A year after racism turned lethal for 23 people in El Paso, a veteran journalist looks back on what’s become of her Texas border city, the victims’ families, and survivors of the hateful shooting.
Editor’s note: A year ago, shoppers at a Walmart in El Paso found themselves in the crosshairs of white supremacist Patrick Wood Crusius, a 21-year-old from Allen, a town outside of Dallas, during one of the country’s worst mass shootings and most heinous acts of racist domestic terrorism. In this evocative essay, a veteran journalist talks about what’s happened to her beloved El Paso and its stout residents since the shooting. This essay also appears on the websites of palabra by the National Association of Hispanic Journalists and El Paso Matters.
Eduardo Castro, known as Eddie, couldn’t wait to get out of the car. He was impatient with the time it was taking to retrieve his walker from the trunk. On a hot summer day, he had crossed the border from Ciudad Juárez in Mexico so he could see the woman he calls his angel.
It was their first connection since the mass shooting—the deaths of 23 people and the wounding of dozens more—at the Walmart store on El Paso’s east side. Castro, 72, was full of emotion as he greeted Adria Gonzalez and her mother. Talk quickly turned to that day, August 3, 2019, and the deep wound that still stretches across the long border between Texas and Mexico. For the next two hours, the trio recounted what had happened; how life changed the moment they heard the snaps of rapid gunfire.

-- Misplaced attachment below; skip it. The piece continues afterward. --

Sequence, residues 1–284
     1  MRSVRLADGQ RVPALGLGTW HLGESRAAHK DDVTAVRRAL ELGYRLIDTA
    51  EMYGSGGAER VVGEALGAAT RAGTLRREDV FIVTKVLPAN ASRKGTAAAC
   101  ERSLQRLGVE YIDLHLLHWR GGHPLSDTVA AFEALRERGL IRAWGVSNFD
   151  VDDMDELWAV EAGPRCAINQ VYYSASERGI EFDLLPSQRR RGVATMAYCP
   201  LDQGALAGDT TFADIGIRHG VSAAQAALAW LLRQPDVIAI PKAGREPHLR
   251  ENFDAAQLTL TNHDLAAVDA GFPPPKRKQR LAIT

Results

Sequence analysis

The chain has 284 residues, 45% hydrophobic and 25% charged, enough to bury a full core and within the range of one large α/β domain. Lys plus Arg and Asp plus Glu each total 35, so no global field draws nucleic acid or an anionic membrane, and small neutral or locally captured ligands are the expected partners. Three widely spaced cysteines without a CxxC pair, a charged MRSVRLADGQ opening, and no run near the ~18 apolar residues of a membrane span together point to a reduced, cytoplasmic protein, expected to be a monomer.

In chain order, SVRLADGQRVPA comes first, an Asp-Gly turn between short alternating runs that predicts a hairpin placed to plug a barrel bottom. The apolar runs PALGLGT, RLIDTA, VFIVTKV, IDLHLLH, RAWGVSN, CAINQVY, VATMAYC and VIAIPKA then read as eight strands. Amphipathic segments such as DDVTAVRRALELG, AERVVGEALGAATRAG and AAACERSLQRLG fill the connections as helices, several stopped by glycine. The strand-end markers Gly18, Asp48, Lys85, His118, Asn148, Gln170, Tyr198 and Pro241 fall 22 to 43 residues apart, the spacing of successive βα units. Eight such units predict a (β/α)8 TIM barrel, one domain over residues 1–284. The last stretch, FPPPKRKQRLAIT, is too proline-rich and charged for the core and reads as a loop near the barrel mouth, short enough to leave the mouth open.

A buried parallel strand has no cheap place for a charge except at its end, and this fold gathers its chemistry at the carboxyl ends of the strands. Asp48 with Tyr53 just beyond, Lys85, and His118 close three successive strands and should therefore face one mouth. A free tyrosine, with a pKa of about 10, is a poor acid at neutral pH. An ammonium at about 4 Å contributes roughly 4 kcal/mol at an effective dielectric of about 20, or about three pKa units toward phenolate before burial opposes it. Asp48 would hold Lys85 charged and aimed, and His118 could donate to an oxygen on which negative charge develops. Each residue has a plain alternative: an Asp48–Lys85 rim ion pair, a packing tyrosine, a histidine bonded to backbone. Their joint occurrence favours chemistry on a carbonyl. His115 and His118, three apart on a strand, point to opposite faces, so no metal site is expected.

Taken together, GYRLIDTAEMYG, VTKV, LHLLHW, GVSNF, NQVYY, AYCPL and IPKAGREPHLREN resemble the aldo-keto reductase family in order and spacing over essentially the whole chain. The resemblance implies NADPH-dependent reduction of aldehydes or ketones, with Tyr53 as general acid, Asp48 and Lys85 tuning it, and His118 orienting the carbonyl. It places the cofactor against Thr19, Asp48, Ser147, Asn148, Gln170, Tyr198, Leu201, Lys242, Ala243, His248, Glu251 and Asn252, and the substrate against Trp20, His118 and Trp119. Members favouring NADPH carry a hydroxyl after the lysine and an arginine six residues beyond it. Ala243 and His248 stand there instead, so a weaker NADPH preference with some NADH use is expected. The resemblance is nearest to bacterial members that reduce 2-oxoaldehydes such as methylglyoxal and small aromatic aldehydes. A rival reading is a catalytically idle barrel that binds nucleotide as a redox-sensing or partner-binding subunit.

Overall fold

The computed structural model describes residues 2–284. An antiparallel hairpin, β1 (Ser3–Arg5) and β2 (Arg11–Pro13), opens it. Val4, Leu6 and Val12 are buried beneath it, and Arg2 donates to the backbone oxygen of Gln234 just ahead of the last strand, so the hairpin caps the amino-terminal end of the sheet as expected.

It had quickly become apparent to them that something bad was coming their way.
“There goes another one, boom, boom, boom,” Castro said, gesturing as if he was holding a large rifle, firing off rounds.
Adria Gonzalez, joined in, adding her own recreation of the sounds of the shooting. “Boom, and then boom, and boom.”
At first the gunshots sounded distant, they agreed. But then the sounds grew closer.
Soon the awful toll was clear: 20 people lay dead. Dozens more were wounded. Shock and chaos ruled the rest of the day.
Two more victims would die days later. Another died in April, nine months after the mass shooting.
Hate’s long drive
In the midst of the horror that day, there were also moments of heroism. Gonzalez saved his life, says Castro.
Their conversation flowed easily in Spanish, Castro’s preferred language. To mark today’s COVID-19 reality, they wore masks and stood several feet apart, even when they found shade from the blistering summer heat under a small group of trees.
There were moments of silence and sobbing. And for me, as I observed the reunion, saddened but also inspired, there was a deepening recollection of what was really on display one year ago.